The competition, which is in its 21st year, challenges students in grades K through 12 to come up with inventions or technology that could exist 20 years from now.
Many students innovate to try to solve problems that exist in today’s world.
The gadget that the Kilmer Middle School team designed takes a technique that already exists and applies it in a new way.
“It uses Raman spectroscopy, which is a method where an invisible UV laser beam is pointed at the food sample. And then in that method, a small percentage of the light shifts in frequency and the plot of the shifted light versus the frequency is known as the Raman spectrum and is unique to each substance,” Bhave says.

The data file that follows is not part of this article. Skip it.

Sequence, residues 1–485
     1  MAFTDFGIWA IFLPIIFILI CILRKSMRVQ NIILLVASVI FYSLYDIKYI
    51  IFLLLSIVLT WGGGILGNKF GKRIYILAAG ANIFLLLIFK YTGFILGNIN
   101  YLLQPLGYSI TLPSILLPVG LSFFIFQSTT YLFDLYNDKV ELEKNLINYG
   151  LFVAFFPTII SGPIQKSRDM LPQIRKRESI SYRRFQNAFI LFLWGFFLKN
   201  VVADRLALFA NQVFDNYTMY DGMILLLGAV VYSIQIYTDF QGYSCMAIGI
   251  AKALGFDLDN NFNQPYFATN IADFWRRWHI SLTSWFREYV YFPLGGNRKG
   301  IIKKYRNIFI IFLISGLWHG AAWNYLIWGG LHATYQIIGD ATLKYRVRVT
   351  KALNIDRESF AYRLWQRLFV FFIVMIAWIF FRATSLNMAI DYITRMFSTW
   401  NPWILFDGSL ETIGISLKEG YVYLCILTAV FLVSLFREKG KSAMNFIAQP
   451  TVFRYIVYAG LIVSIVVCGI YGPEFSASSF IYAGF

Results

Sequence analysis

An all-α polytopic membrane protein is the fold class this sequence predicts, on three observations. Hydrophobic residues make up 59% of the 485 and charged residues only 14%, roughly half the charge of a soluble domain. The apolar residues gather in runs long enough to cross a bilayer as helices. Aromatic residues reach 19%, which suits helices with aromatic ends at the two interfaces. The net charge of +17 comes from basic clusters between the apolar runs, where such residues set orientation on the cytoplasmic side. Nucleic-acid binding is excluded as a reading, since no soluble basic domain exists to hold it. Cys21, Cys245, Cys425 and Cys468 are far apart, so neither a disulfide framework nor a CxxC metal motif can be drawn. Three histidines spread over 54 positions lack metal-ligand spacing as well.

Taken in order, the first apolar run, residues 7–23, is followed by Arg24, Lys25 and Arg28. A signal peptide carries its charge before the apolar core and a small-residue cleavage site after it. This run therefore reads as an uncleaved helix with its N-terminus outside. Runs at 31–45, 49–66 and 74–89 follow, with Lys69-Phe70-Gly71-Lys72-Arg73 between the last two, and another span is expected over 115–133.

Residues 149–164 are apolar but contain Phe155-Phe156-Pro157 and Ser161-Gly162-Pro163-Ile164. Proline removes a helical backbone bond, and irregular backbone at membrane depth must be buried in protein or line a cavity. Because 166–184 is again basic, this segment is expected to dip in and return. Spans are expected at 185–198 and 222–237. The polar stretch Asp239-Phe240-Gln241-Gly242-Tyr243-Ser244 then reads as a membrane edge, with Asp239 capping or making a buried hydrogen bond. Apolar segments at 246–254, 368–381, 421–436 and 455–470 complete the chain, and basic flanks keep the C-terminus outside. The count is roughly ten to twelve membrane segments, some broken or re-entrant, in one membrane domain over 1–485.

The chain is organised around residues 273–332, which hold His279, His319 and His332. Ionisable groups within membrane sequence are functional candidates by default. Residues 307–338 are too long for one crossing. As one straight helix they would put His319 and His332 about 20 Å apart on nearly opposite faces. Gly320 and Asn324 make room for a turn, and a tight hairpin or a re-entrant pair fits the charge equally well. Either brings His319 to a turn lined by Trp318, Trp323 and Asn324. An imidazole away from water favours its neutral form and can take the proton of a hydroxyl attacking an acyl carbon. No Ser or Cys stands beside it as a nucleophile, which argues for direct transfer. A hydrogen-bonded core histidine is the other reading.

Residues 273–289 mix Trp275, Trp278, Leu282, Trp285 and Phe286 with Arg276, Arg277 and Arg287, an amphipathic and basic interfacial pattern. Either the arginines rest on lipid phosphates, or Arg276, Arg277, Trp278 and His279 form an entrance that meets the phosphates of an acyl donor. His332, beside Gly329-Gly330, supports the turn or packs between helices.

The detector would use a database of 50 common food allergens to identify them once the laser is turned on.
Bhave says the device would be hand-held and easy to use.
“It’s 5 inches tall, 0.5 inches thick and 2 inches wide. We want it to be a touch screen like an iPhone, because everyone uses an iPhone these days.”
More than 5,200 teams of students from the U.S. and Canada entered this year’s ExploraVision competition, and the team from Kilmer Middle School is one of just 24 to win regional awards.